J. A. Clark grew up in a small village in Wisconsin where he found a passion for sports. He learned of his talent for writing in college and carried that talent as he traveled the country while in the U.S. Army. After serving overseas, he spent his time perfecting his craft in the world of freelancing. In addition to writing, he is an Affiliated Twitch streamer.
Please briefly describe your latest book.
My most recent book is a work stemming from my main series – The Sorcerer’s Order, affectionately referred to as TSO. TSO: Defense of Fayrule is an epic adventure, sword and sorcery type of book. The story pulls you into a small piece of an enormous, fantastical world. Following the example of the previous books in the series, a Sorcerer, his familiar, and his eccentric friends, go out into the realm to banish the evil presence threatening their land. In this case, Zane, the Sorcerer, takes his pet bear, a hot-headed Satyr woman, and a curious Gnome girl, on a great adventure through Fayrule. While their adventure is filled with peril, it is also filled with heart-warming stories of friendship and sacrifice.
Tell us about the setting. What motivated this choice? What do you think is important when choosing a setting?
The setting is high fantasy. The world of magic has always fascinated me. But to go deeper into the question, TSO follows the Sorcerer’s Order, not any specific character or group of characters. Specific to Defense of Fayrule, I wanted to get away from what I had done in the first two books, each of which had many Human and Elven interactions. I wanted dense forests with magical races and problems that extended beyond just the Human’s drive for power. I wanted a showcase for magic and all of its uses; be it good or evil. I think the most important thing about a setting, and therein world building, is to be true to yourself. Create settings that make sense, not one that follows some trope. As trivial as it might sound, your characters will have more natural reactions to more natural settings. The reader can tell when something is being forced.
How has your background influenced your writing? To what extent does your own life influence your writing?
In general, I always remember being a writer. Which isn’t to say I knew I would be writing books when I grew up. However, I recall writing a story in 4th grade where my teacher added a comment in the margin that was something to the effect of ‘you’d be a great creative writer’. Maybe that should have been my first clue that I had some sort of talent for it. Answering the question a little more specifically, I was somewhat inspired by the Lord of the Rings movies. I wanted books with huge battle scenes and epic sword fights. That’s where my time in the Army comes in. The scenes I’m proudest of are the scenes where I’m able to look back on my military training and apply it to the situation.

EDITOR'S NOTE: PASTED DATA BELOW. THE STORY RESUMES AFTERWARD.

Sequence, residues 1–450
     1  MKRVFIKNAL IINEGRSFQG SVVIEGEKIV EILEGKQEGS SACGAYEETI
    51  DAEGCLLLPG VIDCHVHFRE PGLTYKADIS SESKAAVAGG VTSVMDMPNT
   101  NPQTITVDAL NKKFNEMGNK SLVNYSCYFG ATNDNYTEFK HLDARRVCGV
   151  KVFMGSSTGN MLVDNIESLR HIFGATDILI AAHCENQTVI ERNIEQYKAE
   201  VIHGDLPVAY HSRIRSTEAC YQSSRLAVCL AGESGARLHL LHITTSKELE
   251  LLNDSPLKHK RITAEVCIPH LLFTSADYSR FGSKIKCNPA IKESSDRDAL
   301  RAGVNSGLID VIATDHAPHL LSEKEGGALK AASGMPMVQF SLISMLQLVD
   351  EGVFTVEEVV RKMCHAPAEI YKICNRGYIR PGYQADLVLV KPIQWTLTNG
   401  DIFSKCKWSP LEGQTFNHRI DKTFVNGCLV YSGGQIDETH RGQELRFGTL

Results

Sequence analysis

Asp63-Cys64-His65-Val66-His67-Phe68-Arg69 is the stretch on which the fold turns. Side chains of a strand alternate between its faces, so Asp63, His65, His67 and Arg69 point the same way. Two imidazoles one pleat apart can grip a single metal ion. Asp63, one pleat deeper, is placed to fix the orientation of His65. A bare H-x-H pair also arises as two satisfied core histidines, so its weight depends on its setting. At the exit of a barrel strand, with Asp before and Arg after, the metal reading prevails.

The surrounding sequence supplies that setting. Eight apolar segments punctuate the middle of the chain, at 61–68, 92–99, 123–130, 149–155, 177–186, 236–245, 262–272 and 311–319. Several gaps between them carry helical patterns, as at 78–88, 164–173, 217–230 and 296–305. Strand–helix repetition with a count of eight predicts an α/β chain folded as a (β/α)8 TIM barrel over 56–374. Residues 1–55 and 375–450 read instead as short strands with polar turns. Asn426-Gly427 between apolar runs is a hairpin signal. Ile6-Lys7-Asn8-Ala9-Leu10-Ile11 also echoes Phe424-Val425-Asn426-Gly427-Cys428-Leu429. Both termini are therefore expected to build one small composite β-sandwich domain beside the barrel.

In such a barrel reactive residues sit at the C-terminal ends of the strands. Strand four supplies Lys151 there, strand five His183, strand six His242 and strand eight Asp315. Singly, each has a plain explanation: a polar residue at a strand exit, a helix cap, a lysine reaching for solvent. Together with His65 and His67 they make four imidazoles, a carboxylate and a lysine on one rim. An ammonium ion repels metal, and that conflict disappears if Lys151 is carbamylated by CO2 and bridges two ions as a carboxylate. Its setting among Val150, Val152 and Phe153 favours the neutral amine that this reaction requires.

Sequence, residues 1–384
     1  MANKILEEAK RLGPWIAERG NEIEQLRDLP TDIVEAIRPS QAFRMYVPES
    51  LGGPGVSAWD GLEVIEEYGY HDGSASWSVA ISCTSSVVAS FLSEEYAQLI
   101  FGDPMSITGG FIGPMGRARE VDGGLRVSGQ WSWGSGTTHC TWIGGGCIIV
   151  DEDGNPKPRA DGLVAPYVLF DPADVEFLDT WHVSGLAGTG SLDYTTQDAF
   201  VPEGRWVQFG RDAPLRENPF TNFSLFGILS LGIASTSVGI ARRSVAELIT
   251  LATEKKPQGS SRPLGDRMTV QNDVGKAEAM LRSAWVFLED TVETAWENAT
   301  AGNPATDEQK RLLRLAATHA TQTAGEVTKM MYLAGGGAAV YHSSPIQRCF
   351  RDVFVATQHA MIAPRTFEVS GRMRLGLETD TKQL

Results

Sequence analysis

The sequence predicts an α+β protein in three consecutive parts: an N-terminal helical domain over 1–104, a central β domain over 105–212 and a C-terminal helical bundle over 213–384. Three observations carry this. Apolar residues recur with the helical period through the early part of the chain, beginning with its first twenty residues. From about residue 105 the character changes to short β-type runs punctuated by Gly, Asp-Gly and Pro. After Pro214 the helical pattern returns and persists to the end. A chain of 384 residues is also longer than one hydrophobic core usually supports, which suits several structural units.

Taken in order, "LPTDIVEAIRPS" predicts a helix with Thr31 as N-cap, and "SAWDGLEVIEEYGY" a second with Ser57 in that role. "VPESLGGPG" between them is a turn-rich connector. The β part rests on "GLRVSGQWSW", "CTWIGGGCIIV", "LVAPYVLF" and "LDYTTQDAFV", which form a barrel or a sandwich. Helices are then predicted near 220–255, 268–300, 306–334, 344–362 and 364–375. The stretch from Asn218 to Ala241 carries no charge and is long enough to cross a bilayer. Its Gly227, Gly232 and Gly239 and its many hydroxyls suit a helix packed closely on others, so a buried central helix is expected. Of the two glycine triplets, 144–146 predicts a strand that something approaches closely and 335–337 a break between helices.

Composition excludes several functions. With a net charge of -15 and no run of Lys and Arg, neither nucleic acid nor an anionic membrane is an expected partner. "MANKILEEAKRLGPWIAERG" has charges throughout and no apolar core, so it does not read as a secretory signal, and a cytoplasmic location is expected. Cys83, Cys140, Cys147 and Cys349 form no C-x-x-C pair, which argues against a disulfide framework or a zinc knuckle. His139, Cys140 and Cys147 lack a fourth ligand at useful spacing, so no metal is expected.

Can you take us through the process of writing a book? What do you do first?
The first thing is I get motivation, which is really nothing more than I need to feel like I want to. I’m not one of those writers who will sit down and draw elaborate webs and guides. That’s homework. That’s what I did in 4th and 5th grade. When motivation and inspiration hits, I sit down in front of my computer, and I get to work. It’s all a blur thereafter. I may have minor thoughts in my mind to major plot points, but 98% of the time, I have no idea how I’m getting to that plot point. Writing the next sentence is as new to me as it is for the reader to read that sentence.
What was the most challenging part of writing your latest book?
I sometimes wonder if I’m learning throughout the process of writing and bettering my work. In my mind, the act of writing isn’t enough. I want to make sure that I’m learning and producing better work than I have previously. When I have one of those ‘eureka’ moments, I add it to my writing checklist. But it can sometimes be difficult to apply all those mental checks as you’re cruising through the document. On several occasions I caught myself skimping on an important detail because I got caught up in the storytelling, forcing me to go back and do some rewriting and editing. With that said, as long as I’m applying everything I learn and the final product mimics that sentiment, you’ll need more than the delete key to wipe the smile off my face.
How did you come up with the title?
This is my favorite question that anyone can ever ask me, and also the one that gets me most excited. Because the answer is that I never come up with the title. There’s a popular anime that talks about “The Heart of the Cards.” This is essentially the philosophy I take with my books. I believe that somewhere, be it in the first paragraph, final chapter, or anywhere between, the book will tell you what the title should be. As odd as it will sound, I believe you need to listen to what the words are telling you. Long gone will be the days of stressing over the title!
Which of your books are you most proud of?
As it wouldn’t be silly of me to respond to this with “all of them”, that isn’t quite fair to question. While my baby is TSO as a whole, my readers respond extremely well to my other series which is referred to as The Goddess series. The Goddess series is of the light horror and supernatural flavor. If I had to put a stamp on one book, it would be Eternal Reign, the second and last book of the series.